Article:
Following is a summary of our day spent in the town of Voltaggio on February 22, 1999.  Pictures
will follow as soon I get them.
The day broke with thick, pea soup fog.  Remembering the fog lifting the previous day, we forced
ourselves to be optimistic and went down for breakfast.  We left by 9:00 for Voltaggio (still in fog
and still hoping).  The ride was over an hour and by the time we passed the halfway point, as we
were crossing the Po River bridge, the fog lifted!  Mom was watching over us....As we
approached the town of Voltaggio, our anticipation heightened and when we saw the sign for the
entrance to the town, we pulled over and all jumped out of the van (except Nick, who eased out)
and started taking pictures and video of us in front of the sign.  A farmer watching from a nearby
field surely thought we were crazy.

We spent most of the day in the town of Voltaggio.  First we entered the town and parked at the
"Peso Pubblico" (public scale) and walked up the Via Roma into the center.  Everything was
closed up tight and it wasn't until we reached the church that we saw anyone.  After entering and
snapping and videotaping everything in sight, two women, who I'm sure were overcome with
curiosity, came over and said hello.  I started describing our "genealogical trip" and soon we were
gabbing away like old friends.  It was my first attempt at serious, prolonged discussion and it went
well.  She understood me and I pretty much understood them.

After the church we went to see the ruins of the castle on top of the hill.  Nick stayed down by the
church and Fran, Chris and I went around the church and up the hill.  It was a pretty tough climb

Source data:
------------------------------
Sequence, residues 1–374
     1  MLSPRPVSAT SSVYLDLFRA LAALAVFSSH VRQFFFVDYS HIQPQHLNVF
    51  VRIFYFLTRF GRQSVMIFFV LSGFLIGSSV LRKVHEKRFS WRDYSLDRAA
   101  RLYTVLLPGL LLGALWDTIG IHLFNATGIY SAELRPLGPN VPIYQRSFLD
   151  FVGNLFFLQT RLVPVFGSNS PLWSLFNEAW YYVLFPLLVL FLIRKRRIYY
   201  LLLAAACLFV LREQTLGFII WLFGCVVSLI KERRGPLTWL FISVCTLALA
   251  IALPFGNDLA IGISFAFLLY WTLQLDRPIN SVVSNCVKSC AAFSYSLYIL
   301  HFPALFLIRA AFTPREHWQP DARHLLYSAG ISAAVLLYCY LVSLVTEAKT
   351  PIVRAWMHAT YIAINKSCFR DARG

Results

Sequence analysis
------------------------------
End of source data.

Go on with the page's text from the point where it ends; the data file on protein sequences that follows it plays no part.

and when we arrived at the top, we had a nice view of the town below and hills around.  The
castle dates from before 900 AD and only consists of a few sections of wall and a television
antenna for the town.   After snapping a few pictures and a few feet of videotape, we returned to
the church.

By previous arrangement through my Internet connection with Allesandro Cavo, we had an
appointment to meet with the Mayor at 12:30pm.  At about 12:15, however, the door to the
Municipio was locked and the whole town went home for lunch!  Fran and I walked through to
the other side of town and took pictures while Chris went back to the car and drove it up to the
Municipal building.  By then, we decided that we were hungry and went into the only Trattoria
opened in town, a few steps from the Municipio.  We ordered Gnocchi and roast veal, followed
by gelato and fell in love with our waitress, who was a Costa Rican emigre', who with her
husband, ran the trattoria.

After lunch we tried the Municipio again (still locked), but this time I rang the bell.  A window
opened from the upper floor and I explained our appointment to her.  He said that the Mayor was
sick, but that she would call the Vice-Mayor.  We went up the stairs to the Council Room and
met Vice-Mayor Repetto, who proceeded to give us about 20 minutes of explanations to the
numerous questions that we had about the town.  It seems that there were 5 churches which date
back to before 1600, but all of them had their records destroyed as a result of the wars which
plagued the area in the 17th century between Genova and Piemonte.  As a result, no real records
remain.  The Mother Church (Santa Maria Assunta) was rebuilt in the 18th century on the remains
of an older church.  Signor Repetto gave us some books and promised to send more to me by

After our visit with the Vice-Mayor, we drove to the "postcard spot", where we took many
pictures and feet of tape at the old Roman bridge, with a great view of the town.  While we were
there we spotted a house for sale at the confluence of two arms of the stream; a perfect spot to
retire to.  Oh well, just a dream.  Before we left town, we were met again by the Costa Rican
waitress/owner of the Trattoria and she insisted in showing us the sulfur spring at the edge of
town.  All during our walk there, she talked  about her life story of leaving Costa Rica, coming
through Miami, where she was detained for two days and arriving here in Voltaggio.  After a few
more pictures, we left her and started home.  Our trip back to Milano was filled with excited
conversations of our glorious day in the town of Voltaggio.